Ana Botella

Madrid should not bid for 2024 Olympics, mayor says

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If it’s up to Madrid mayor Ana Botella, the Spanish capital will not submit a fourth straight bid to host the Olympics in 2024.

Madrid was eliminated in the first round of voting for the 2020 Olympics on Saturday. It tied Istanbul for second place behind Tokyo, and then it lost a tiebreaking vote. Tokyo went on to beat Istanbul in the final vote for the right to host.

“I think that for the moment the Olympic race has given us all the benefits we can expect from it in the next few years,” Botella reportedly said at a breakfast forum with business and political leaders in Madrid on Thursday. “I believe, therefore, that Madrid should not seek to host the 2024 Games.”

Madrid placed second in the 2016 voting, losing in the final round to Rio de Janeiro. It was third in 2012, actually winning the second round of voting but being eliminated in the third round as London eventually won.

Spain has not hosted the Olympics since the praised Barcelona Games of 1992. Its drawbacks this year were its poor economy and doping problems in sports.

One day after Madrid lost to Tokyo, Barcelona mayor Xavier Trias announced his city’s plans to submit a 2022 Winter Olympic bid. Barcelona’s latitude is 41 degrees north. The lowest-latitude Winter Games staged were in Nagano, Japan, in 1998, where it was 36 degrees north.

“We have the dossier ready,” Trias told Spanish TV Sunday, according to The Associated Press. “We need to speak with the Spanish Olympic Committee to see if they are ready to go forward with this venture.”

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North Korean member of IOC expects team at PyeongChang Olympics

VANCOUVER, BC - FEBRUARY 12:  Song Chol Ri of North Korea carries the national flag during the Opening Ceremony of the 2010 Vancouver Winter Olympics at BC Place on February 12, 2010 in Vancouver, Canada.  (Photo by Cameron Spencer/Getty Images)
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The North Korean member of the International Olympic Committee believes a North Korean delegation will be at the PyeongChang Olympics, according to Kyodo News.

“There is no reason why we won’t come and no reason why we can’t,” IOC member Chang Ung said last week at the Asian Winter Games in Japan, according to the news agency. “We will proceed according to the Olympic Charter.”

An IOC spokesman previously said that the first step toward possible North Korean participation in the PyeongChang Olympics would be the North Korean Olympic Committee’s response to its invitation to the Winter Games sent out two weeks ago.

The IOC sends invitations to National Olympic Committees around the world coinciding with one year out to an Olympics.

However, it’s not a certainty that North Korea will qualify any athletes for the Winter Games. Despite winning at least four medals at every Summer Games since boycotting Seoul 1988, it didn’t have any athletes at the Sochi Olympics and just two at Vancouver 2010.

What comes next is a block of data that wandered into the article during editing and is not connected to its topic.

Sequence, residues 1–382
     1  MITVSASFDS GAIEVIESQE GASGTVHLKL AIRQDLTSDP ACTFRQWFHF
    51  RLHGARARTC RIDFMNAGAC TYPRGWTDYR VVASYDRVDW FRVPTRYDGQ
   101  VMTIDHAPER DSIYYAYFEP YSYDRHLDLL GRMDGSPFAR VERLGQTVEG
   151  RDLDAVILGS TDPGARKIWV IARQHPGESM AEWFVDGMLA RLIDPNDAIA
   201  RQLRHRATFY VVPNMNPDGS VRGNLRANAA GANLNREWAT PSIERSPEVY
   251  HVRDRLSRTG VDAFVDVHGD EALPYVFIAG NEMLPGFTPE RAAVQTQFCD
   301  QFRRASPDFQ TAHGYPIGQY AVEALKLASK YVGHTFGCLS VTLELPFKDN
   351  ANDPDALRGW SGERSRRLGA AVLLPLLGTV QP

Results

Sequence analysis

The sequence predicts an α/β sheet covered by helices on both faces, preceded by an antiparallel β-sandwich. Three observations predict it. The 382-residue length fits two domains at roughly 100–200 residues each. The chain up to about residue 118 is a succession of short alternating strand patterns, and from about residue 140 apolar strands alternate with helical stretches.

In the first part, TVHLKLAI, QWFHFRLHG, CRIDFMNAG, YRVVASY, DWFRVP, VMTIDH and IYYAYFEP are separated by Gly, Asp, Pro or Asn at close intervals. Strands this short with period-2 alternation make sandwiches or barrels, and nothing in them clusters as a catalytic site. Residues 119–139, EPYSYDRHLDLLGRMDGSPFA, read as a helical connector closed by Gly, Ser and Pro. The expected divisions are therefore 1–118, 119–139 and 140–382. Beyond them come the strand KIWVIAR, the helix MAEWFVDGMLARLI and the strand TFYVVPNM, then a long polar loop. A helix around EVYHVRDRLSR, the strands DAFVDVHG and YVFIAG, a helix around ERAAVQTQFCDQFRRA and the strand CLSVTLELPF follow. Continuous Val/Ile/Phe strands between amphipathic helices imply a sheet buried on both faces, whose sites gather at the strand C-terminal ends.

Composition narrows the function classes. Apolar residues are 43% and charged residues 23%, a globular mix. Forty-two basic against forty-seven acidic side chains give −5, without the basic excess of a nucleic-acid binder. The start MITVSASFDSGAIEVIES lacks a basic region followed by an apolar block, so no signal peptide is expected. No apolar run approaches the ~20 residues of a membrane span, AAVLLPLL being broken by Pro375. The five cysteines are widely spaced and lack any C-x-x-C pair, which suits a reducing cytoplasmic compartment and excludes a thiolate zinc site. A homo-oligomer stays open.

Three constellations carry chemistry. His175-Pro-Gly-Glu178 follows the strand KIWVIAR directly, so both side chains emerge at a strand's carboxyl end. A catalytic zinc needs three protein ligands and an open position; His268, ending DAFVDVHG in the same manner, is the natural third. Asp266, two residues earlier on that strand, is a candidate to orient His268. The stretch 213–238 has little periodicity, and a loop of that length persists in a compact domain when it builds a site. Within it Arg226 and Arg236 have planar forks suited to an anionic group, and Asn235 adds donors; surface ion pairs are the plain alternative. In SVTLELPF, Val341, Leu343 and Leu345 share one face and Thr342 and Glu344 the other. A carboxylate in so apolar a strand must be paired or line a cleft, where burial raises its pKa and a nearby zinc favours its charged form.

North Korea has zero top performing international winter sports athletes and few who even appear at major competitions.

North Korean short track speed skater Choe Un Song ranks No. 123 in the world after appearing in one World Cup this season in Beijing. A pairs figure skating team is ranked No. 54. A different North Korean pairs team missed a Sochi berth by 1.5 points at the last qualifying competition.

Nations without qualified athletes are still able to enter one man and one woman in the Summer Olympics in swimming and track and field. But no such exception applies in the Winter Games.

The IOC has given no indication that an exception could be made to invite a non-qualified North Korean athlete to PyeongChang.

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MORE: PyeongChang 2018 daily schedule highlights

Chad le Clos still has nightmares of losing to Michael Phelps in Rio

RIO DE JANEIRO, BRAZIL - AUGUST 09:  Michael Phelps (L) of the United States leads Chad le Clos of South Africa in the Men's 200m Butterfly Final on Day 4 of the Rio 2016 Olympic Games at the Olympic Aquatics Stadium on August 9, 2016 in Rio de Janeiro, Brazil.  (Photo by Adam Pretty/Getty Images)
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Chad le Clos reportedly said he still has nightmares about losing to Michael Phelps in their much-anticipated rematch in the Rio Olympic 200m butterfly.

“I wake up in the middle of the night in a sweat over that race,” le Clos said, according to Independent Online in South Africa.

In Rio, le Clos finished fourth in the 200m butterfly final (video here), seven tenths of a second behind Phelps after famously turning his head to look at Phelps in the final 50 meters of the race.

In 2012, le Clos beat Phelps for Olympic gold by .05.

When Phelps unretired in 2014, he said he would never race the 200m butterfly again. But he picked it up a year later, in part because times around the world were not that fast and in part because of his desire to exact revenge on le Clos in Rio.

Now, it’s le Clos who wants a rematch.

“I want it that bad,” le Clos said, according to the report. “I just want Phelps to come back.”

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MORE: PyeongChang 2018 daily schedule highlights